Western Ski Areas Struggle to Open Due to Warm, Dry Weather
For most, the unusual warmth across a huge swath of the country this November has been a pleasant extension of summer. For others, however, it means a significant loss of business.
Ski areas, specifically those in the western U.S., are struggling to open their doors due to a lack of snow and poor snowmaking conditions. On Monday, Copper Mountain ski resort in Colorado announced that they were pushing back their expected open date a week due to a lack of snow cover. Loveland Ski Area, which usually opens in mid-to-late October, won’t open until later this week. None of Utah’s ski resorts are scheduled to open until later this week at the earliest, though they tend to open later than Colorado’s resorts.
As of Monday, only 7.3% of Colorado had snow on the ground – compared to nearly 80% this time a year earlier. October and November signify the middle of autumn and gradually cooling conditions for most of the country, but for the inner-mountain West, it’s often a major snow stretch. That’s part of the problem for this portion of the country, where significantly warmer than average temperatures and low precipitation has been stingily consistent all season long.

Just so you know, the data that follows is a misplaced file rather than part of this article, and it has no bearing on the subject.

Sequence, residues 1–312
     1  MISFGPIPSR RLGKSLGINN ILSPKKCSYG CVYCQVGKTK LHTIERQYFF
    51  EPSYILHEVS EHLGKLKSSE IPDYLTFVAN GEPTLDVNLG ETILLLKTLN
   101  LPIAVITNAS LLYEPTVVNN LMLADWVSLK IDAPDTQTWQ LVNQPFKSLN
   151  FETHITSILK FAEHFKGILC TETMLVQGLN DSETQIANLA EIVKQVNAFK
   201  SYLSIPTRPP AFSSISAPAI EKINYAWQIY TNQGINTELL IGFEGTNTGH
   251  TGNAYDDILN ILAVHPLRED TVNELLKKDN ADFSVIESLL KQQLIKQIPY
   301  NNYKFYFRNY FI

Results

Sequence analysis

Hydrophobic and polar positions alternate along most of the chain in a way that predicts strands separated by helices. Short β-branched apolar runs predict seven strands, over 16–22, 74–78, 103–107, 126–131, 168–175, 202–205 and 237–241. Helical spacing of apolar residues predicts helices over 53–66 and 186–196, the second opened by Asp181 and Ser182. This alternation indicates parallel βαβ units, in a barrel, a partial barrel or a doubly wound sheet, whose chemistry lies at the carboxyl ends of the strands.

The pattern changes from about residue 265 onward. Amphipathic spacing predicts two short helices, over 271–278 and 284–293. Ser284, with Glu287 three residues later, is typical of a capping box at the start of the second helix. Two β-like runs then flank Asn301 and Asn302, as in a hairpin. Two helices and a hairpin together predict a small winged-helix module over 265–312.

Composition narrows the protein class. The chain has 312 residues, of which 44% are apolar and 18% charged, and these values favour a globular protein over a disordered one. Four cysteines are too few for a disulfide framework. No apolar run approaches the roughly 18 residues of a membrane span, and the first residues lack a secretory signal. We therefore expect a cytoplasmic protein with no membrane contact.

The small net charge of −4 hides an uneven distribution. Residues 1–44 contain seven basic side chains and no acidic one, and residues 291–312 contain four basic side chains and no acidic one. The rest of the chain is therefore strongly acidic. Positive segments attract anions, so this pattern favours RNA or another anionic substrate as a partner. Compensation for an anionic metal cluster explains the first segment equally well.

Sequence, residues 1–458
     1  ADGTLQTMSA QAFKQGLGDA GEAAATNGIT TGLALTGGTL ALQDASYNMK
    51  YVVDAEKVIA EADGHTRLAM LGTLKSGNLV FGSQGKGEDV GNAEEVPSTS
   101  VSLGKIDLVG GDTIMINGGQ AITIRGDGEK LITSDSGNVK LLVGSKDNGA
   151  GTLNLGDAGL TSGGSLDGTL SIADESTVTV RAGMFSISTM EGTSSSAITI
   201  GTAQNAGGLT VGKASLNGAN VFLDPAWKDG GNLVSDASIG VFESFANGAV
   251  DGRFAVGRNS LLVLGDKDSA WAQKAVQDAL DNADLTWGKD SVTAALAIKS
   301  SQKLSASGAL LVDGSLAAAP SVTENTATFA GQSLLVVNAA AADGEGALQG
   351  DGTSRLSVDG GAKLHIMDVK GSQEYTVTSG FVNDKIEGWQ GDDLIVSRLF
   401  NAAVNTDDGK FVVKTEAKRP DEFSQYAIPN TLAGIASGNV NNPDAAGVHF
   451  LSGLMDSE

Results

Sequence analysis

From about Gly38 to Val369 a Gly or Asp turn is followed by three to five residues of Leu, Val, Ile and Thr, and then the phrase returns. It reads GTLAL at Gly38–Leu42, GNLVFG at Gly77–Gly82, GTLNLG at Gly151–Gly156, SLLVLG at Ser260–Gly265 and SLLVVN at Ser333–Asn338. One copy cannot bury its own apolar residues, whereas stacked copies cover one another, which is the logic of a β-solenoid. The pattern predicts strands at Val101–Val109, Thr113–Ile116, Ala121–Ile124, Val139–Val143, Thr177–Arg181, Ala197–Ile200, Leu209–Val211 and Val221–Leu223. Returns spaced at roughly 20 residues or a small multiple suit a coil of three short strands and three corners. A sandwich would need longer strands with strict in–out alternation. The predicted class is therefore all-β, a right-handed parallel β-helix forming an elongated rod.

Denver, Colorado hasn’t seen any measurable snowfall so far this season, well past its typical first snow date of October 19th, and there’s nothing indicating those first flakes will fly anytime soon.
Stay with WeatherNation for the latest on the continued mid-autumn warmth and its wide-ranging impacts.
For WeatherNation: Meteorologist Chris Bianchi
Cover photo: Courtesy Loveland Ski Area